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Pharaoh Ramesses II was an Amazigh (Berber)

Pharaoh Ramesses II

Pharaoh Ramesses II

The analysis of the Pharaoh Ramesses II

The mummy was examined in 1886 by Gaston Maspero and Dr. Fouquet, first thorough investigation of the mummy. The investigations were carried out with the means of the time: detailed observation of the body, various measurements.

In 1974, to determine the causes of death of Ramesses II and other mummies, including that of Merneptah, investigations were undertaken under the direction of Maurice Bucaille with Egyptian colleagues and a dozen other French collaborators in various medical disciplines. The results were communicated among others, the Academy of Medicine and the French Society of Legal Medicine. His book The Mummies of the Pharaohs and medicine presents the final results of his research.

Many modern techniques were used, radiological and endoscopic explorations, investigations in the dental field, microscopic research, forensic, etc. A find of great importance due to the use of X-ray films of high sensitivity allowed to show the existence of a very serious injury to the jaw of Ramses II, extensive osteomyelitis of the lower jaw of dental origin. Maurice Bucaille concludes that these injuries were probably fatal condition that the king did not have other undetected serious diseases (due to the inability to examine the chest organs associated with mummification) and that could be the pharaoh who pursued Moses and the Hebrews, for he died in frightful suffering resulting total physical disability.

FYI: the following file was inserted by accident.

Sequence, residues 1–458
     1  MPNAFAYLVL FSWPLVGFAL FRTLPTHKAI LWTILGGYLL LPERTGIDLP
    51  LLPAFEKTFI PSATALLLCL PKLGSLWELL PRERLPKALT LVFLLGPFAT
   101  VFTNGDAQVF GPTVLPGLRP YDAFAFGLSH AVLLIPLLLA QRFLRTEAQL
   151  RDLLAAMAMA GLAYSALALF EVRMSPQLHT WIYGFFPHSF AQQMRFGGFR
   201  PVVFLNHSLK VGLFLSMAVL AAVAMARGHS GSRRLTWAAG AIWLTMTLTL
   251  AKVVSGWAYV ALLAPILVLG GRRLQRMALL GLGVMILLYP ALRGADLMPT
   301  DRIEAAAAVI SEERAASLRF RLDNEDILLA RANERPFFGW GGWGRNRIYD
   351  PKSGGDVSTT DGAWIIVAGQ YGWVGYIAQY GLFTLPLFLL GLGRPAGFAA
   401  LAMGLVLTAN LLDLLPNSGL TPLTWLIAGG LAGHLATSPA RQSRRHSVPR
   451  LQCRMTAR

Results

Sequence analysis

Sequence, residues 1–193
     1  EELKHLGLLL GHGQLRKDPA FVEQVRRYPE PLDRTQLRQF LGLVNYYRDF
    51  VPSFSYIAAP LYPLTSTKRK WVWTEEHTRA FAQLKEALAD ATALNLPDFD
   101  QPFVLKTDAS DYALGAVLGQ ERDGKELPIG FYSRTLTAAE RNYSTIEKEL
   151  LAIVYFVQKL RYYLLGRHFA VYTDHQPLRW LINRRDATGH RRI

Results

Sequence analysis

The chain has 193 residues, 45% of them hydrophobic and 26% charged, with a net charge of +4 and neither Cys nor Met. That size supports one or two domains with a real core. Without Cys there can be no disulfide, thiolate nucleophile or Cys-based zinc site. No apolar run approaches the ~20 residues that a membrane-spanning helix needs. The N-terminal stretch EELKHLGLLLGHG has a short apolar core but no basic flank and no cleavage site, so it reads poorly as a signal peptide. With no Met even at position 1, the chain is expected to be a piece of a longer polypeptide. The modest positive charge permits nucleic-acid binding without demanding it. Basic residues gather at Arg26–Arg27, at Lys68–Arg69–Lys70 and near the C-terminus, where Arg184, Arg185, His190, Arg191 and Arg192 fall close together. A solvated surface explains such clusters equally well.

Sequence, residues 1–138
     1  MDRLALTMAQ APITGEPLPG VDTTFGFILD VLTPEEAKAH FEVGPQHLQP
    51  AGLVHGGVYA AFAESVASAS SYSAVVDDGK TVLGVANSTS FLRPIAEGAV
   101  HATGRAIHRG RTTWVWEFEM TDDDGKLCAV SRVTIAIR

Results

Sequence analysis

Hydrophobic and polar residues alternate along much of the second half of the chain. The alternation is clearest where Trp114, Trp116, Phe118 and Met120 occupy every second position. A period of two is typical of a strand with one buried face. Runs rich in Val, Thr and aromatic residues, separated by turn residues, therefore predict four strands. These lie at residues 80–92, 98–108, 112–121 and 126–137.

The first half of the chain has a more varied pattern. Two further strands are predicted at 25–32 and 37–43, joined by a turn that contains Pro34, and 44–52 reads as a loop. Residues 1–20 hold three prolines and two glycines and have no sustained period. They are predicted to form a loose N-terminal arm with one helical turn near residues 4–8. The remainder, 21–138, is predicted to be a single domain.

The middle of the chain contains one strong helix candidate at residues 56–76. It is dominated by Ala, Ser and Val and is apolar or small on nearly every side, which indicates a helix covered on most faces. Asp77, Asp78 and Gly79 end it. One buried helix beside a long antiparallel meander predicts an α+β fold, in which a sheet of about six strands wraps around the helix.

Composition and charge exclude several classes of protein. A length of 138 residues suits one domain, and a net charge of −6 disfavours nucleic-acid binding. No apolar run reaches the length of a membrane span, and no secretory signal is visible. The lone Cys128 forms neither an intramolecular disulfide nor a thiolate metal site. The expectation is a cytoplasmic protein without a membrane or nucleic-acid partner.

A study of the mummy of Ramesses II, the Museum of Man in Paris in 1976, concluded that the pharaoh was a “leucoderma, Mediterranean type similar to that of North African Amazigh”.

Pharaoh Ramesses II (of the 19th Dynasty), is generally considered to be the most powerful and influential King that ever reigned in Egypt. He is one of the few rulers who has earned the epithet “the Great”. Subsequently, his racial origins are of extreme interest.

In 1975, the Egyptian government allowed the French to take Ramesses’ mummy to Paris for conservation work. Numerous other tests were performed, to determine Ramesses’ precise racial affinities, largely because the Senegalese scholar Cheikh Anta Diop, was claiming at the time that Ramesses was black. Once the work had been completed, the mummy was returned in a hermetically sealed casket, and it has remained largely hidden from public view ever since, concealed in the bowels of the Cairo Museum. The results of the study were published in a lavishly illustrated work, which was edited by L. Balout, C. Roubet and C. Desroches-Noblecourt, and was titled La Momie de Ramsès II: Contribution Scientifique à l’Égyptologie (1985).

Professor P. F. Ceccaldi, with a research team behind him, studied some hairs which were removed from the mummy’s scalp. Ramesses II was 90 years-old when he died, and his hair had turned white. Ceccaldi determined that the reddish-yellow colour of the mummy’s hair had been brought about by its being dyed with a dilute henna solution; it proved to be an example of the cosmetic attentions of the embalmers. However, traces of the hair’s original colour (in youth), remain in the roots, even into advanced old age. Microscopic examinations proved that the hair roots contained traces of natural red pigments, and that therefore, during his youth, Ramesses II had been red-haired. It was concluded that these red pigments did not result from the hair somehow fading, or otherwise altering post-mortem,but did indeed represent Ramesses’ natural hair colour. Ceccaldi also studied a cross-section of the hairs, and he determined from their oval shape, that Ramesses had been “cymotrich” (wavy-haired). Finally, he stated that such a combination of features showed that Ramesses had been a “leucoderm” (white-skinned person). [Balout, et al. (1985) 254-257.]